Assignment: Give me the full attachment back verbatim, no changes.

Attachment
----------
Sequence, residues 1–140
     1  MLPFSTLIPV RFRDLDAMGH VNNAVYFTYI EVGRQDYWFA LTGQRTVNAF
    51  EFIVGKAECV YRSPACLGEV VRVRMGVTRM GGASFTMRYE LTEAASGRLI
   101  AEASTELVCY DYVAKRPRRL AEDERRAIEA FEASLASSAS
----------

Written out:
Sequence, residues 1–140
     1  MLPFSTLIPV RFRDLDAMGH VNNAVYFTYI EVGRQDYWFA LTGQRTVNAF
    51  EFIVGKAECV YRSPACLGEV VRVRMGVTRM GGASFTMRYE LTEAASGRLI
   101  AEASTELVCY DYVAKRPRRL AEDERRAIEA FEASLASSAS